Comparing and Improving Model Estimates of Forest Carbon Storage in Northeastern Forests
Accurately measuring carbon stored in forested landscapes is crucial to understanding how changes in land cover may affect global carbon cycles. Improved carbon assessments can inform decisions about land use by identifying valuable conservation areas of high carbon storage. Better assessment of stored carbon could alter estimates of the value of conserved forestland in carbon markets.
Because existing methods for calculating carbon storage at a landscape scale can be highly inaccurate in mixed tree species landscapes, NSRC researchers tested four carbon storage models for the Northeast and field validated each. Researchers calculated and compared carbon stored across the Northern Forest region at a snapshot in time (2014) using input spatial imagery methods with varying gradations of detail: dominant tree species or forest type (SA); percent basal area of forest type (RBA); IPCC (Intergovernmental Panel on Climate Change) guidelines based on general forest types and high, middle, and low carbon storage estimates (IS); and Smith-based IPCC style (SIS) including greater detail on tree species.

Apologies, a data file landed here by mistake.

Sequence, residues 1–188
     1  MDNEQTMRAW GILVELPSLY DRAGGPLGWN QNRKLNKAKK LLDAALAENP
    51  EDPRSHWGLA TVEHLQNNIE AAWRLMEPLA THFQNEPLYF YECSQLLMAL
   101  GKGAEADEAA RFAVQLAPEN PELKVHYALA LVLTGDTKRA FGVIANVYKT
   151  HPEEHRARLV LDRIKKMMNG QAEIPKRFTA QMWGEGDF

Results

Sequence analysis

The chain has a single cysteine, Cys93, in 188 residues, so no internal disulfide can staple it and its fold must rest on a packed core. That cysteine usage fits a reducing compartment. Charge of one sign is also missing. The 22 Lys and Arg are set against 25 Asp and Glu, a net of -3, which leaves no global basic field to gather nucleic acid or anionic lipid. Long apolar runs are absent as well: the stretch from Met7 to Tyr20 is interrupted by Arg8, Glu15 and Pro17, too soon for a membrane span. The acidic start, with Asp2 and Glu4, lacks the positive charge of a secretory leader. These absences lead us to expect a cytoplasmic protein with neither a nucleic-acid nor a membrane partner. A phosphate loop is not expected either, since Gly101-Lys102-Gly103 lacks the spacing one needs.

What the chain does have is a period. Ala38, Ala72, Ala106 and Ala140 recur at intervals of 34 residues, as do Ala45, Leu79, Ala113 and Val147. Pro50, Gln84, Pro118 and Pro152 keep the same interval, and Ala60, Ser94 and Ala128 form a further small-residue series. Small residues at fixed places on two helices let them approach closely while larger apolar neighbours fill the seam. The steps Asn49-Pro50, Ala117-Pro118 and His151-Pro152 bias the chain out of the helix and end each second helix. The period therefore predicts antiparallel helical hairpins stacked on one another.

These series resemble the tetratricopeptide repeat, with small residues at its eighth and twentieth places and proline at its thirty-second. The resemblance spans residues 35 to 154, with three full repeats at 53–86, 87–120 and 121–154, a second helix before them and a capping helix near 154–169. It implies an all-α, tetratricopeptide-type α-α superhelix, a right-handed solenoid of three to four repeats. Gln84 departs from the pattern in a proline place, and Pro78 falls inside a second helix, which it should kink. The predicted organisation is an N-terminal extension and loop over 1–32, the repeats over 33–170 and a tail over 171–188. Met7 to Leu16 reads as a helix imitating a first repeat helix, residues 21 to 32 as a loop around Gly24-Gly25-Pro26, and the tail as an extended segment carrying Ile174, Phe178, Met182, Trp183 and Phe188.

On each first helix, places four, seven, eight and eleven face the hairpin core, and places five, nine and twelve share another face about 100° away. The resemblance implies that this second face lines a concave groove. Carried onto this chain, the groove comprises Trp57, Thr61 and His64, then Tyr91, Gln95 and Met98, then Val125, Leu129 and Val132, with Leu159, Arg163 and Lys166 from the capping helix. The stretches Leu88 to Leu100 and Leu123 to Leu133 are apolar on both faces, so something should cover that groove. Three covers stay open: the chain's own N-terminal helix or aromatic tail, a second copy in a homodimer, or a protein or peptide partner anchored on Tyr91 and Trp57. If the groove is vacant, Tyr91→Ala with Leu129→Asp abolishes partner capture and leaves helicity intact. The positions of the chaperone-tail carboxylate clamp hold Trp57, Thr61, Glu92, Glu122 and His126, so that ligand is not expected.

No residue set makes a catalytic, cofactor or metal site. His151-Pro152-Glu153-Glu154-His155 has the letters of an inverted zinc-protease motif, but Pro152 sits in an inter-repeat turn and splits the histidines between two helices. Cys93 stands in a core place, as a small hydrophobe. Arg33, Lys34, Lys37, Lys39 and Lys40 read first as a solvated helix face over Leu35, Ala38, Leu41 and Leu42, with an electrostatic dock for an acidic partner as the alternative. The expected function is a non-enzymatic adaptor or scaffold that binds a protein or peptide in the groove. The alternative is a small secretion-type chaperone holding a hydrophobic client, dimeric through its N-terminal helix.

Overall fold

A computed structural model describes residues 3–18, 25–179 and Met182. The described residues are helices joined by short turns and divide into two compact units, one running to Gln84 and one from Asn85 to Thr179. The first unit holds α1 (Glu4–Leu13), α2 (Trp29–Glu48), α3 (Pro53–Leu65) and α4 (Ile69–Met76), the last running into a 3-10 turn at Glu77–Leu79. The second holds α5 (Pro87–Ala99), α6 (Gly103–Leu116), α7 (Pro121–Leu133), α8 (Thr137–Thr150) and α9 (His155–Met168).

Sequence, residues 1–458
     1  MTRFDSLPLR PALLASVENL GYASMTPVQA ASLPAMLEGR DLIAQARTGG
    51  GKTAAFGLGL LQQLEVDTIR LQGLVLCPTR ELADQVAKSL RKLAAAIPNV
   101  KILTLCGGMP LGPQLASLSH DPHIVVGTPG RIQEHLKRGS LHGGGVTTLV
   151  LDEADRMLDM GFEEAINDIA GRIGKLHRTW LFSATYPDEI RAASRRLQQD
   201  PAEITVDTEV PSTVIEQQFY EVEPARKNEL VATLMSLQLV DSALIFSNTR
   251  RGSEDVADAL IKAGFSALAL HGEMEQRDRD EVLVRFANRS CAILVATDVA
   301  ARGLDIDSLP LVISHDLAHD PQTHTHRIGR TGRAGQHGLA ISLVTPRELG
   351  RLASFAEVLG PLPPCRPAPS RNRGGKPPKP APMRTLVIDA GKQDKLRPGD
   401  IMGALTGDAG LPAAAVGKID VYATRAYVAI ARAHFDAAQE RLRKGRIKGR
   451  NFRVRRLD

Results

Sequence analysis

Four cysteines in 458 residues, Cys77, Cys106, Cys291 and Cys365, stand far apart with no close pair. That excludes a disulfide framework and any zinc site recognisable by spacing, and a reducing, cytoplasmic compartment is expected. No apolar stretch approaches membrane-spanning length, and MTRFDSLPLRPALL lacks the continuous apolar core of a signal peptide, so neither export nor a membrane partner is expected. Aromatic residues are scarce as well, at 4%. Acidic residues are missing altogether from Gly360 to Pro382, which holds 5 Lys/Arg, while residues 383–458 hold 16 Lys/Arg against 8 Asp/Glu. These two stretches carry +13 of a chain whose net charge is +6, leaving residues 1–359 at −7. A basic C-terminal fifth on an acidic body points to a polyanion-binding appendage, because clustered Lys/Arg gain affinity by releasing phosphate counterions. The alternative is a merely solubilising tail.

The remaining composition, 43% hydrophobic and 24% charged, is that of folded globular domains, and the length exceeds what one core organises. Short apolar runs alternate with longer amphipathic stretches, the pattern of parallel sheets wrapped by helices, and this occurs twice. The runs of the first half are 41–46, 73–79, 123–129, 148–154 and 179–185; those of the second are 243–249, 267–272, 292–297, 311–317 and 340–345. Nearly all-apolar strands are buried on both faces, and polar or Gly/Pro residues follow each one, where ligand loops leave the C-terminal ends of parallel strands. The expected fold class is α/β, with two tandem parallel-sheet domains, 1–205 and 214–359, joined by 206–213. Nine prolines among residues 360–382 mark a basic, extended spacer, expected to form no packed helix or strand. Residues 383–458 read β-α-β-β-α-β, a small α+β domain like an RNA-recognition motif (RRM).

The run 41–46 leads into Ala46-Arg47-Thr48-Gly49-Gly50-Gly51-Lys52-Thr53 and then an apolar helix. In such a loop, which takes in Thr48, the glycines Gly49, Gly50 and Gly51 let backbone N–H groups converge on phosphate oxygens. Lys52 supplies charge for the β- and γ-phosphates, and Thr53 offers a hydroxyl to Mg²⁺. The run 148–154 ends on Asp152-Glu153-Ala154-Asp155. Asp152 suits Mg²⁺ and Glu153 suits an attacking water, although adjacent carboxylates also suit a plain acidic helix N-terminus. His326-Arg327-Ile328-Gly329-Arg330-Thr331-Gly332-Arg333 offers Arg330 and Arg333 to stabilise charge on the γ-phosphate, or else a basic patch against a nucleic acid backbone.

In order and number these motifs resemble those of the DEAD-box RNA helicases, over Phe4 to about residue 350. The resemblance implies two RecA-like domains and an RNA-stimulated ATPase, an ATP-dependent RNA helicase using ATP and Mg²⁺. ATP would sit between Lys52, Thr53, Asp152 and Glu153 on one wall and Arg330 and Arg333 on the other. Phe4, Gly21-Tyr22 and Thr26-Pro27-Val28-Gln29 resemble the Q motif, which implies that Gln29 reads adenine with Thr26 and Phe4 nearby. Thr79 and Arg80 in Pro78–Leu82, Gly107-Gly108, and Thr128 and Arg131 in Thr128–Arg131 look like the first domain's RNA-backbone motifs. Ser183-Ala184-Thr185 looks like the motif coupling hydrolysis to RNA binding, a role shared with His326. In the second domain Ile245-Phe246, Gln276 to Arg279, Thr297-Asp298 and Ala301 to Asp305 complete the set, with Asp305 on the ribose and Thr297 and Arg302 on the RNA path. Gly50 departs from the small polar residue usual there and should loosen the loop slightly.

Researchers determined which models are over- or under-predicting carbon storage and by what magnitude. The traditional method outlined by the IPCC significantly underestimates carbon storage in the Northeast and misses the spatial variability found in mixed forests. The higher specificity models produced more accurate results and reflected heterogeneity that is more indicative of the species patterns in the Northern Forest. Maps produced will be used in a new decision support tool to allow land managers to highlight key conservation areas based on carbon storage and to better understand the role of northeastern forests in global carbon storage.